If you think you might be experiencing PTSD, it’s important to discuss it with your GP, and to seek a referral to a professional who can provide evidence-based treatment. If you’ve broken your leg, you can never go back in time and un-break that leg. Likewise, if we’ve experienced a trauma, we can never again become people who have not experienced that trauma. We can, however, improve the symptoms, change and deepen our understanding of the past, and become people who no longer have PTSD. The first step is seeking treatment.


American Psychiatric Association. (2013). Diagnostic and statistical manual of mental disorders (5th ed.)

Watkins, L. E., Sprang, K. R., Rothbaum, B. O. Treating PTSD: A Review of Evidence-Based Psychotherapy Interventions. Frontiers in Behavioral Neuroscience, 12, 258.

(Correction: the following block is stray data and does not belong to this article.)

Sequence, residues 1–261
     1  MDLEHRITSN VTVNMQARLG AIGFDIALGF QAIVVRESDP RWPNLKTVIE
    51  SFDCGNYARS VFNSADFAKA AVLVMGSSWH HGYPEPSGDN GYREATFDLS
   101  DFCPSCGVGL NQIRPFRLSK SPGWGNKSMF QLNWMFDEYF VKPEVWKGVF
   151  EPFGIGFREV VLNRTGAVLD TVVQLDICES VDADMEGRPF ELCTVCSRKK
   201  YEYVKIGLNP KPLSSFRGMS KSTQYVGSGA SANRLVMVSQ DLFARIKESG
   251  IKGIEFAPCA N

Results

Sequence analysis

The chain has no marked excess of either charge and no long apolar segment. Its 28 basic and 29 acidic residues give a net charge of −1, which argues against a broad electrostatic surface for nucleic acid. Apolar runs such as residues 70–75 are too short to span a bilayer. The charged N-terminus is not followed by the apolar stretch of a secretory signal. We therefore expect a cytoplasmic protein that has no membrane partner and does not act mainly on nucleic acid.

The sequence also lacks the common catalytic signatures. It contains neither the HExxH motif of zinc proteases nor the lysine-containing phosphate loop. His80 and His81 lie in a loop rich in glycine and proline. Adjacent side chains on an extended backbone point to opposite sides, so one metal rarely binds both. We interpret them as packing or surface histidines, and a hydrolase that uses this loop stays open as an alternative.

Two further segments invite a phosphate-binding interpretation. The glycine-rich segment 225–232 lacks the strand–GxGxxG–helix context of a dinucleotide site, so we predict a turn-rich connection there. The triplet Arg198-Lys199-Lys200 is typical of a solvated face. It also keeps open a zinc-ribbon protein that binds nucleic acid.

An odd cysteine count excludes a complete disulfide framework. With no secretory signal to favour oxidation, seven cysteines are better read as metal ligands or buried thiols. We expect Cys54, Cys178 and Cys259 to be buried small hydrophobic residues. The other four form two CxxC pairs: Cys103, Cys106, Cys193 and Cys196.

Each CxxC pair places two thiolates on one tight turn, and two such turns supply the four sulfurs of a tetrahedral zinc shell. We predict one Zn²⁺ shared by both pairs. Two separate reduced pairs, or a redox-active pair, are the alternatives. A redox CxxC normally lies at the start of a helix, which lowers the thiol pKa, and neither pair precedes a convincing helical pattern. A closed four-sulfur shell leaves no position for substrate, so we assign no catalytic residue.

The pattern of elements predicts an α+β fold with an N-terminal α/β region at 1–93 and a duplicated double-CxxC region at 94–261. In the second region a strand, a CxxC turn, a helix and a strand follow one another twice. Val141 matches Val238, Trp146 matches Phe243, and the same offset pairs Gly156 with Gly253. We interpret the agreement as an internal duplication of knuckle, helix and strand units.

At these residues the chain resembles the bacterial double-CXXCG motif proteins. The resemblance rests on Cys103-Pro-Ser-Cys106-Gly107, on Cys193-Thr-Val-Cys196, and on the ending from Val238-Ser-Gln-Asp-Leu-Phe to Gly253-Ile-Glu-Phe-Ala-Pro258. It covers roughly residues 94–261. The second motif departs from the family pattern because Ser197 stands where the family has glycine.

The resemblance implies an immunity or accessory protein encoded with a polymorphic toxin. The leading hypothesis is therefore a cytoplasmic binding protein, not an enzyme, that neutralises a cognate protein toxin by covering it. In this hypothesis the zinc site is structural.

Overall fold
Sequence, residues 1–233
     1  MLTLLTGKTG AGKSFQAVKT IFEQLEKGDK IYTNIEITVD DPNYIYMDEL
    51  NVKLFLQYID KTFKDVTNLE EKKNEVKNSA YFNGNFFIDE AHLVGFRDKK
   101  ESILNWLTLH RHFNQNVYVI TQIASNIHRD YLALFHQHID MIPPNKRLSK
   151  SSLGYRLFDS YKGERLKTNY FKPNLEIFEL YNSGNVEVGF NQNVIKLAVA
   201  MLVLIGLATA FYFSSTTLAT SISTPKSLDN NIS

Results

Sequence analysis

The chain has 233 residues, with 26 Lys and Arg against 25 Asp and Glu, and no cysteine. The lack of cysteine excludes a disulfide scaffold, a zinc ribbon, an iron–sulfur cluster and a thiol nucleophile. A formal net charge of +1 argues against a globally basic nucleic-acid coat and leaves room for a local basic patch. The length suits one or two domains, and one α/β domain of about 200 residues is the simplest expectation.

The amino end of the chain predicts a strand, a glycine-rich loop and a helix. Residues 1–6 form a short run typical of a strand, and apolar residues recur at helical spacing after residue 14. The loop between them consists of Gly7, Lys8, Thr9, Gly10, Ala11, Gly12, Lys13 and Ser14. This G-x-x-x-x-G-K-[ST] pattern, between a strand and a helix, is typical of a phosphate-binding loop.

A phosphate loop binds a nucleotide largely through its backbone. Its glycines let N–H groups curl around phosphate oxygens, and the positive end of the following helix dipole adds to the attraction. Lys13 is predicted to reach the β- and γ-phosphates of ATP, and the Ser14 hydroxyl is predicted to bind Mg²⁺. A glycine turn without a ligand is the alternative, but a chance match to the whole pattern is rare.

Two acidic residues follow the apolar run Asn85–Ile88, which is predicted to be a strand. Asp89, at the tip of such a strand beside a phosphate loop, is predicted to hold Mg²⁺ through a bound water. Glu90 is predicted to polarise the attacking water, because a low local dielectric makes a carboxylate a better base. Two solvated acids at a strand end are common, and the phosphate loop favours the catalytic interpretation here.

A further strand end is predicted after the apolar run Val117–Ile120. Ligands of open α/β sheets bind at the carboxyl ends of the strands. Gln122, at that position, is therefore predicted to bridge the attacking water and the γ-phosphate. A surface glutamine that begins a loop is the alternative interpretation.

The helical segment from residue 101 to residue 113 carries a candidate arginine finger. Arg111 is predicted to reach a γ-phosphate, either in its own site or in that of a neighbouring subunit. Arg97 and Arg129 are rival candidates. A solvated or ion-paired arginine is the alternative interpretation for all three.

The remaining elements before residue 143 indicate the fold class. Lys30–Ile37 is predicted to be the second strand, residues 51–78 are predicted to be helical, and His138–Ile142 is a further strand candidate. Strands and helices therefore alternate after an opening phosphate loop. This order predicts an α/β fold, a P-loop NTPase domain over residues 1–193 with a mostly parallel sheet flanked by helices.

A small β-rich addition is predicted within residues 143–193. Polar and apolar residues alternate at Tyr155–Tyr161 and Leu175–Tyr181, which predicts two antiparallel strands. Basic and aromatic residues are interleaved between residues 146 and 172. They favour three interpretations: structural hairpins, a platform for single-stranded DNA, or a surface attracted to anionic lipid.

American Psychological Association. (2017). Clinical Practice Guideline for the Treatment of Posttraumatic Stress Disorder (PTSD) in Adults.

Asmundson, G. J. G., Thorisdottir, A. S., Roden-Foreman, J. W., Baird, S. O., Witcraft, S. M., Stein, A. T., Smits, J. A. J., & Powers, M. B. (2019). A meta-analytic review of cognitive processing therapy for adults with posttraumatic stress disorder. Cognitive behaviour therapy, 48(1), 1–14.

Mittal, D., Drummond, K. L., Blevins, D., Curran, G., Corrigan, P., & Sullivan, G. (2013). Stigma associated with PTSD: perceptions of treatment seeking combat veterans.

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Olff M. (2017). Sex and gender differences in post-traumatic stress disorder: an update. European Journal of Psychotraumatology, 8(sup4)

Hu, J., Feng, B., Zhu, Y., Wang, W., & Zheng, J. X. X. (2017). Gender Differences in PTSD: Susceptibility and Resilience. In (Ed.), Gender Differences in Different Contexts.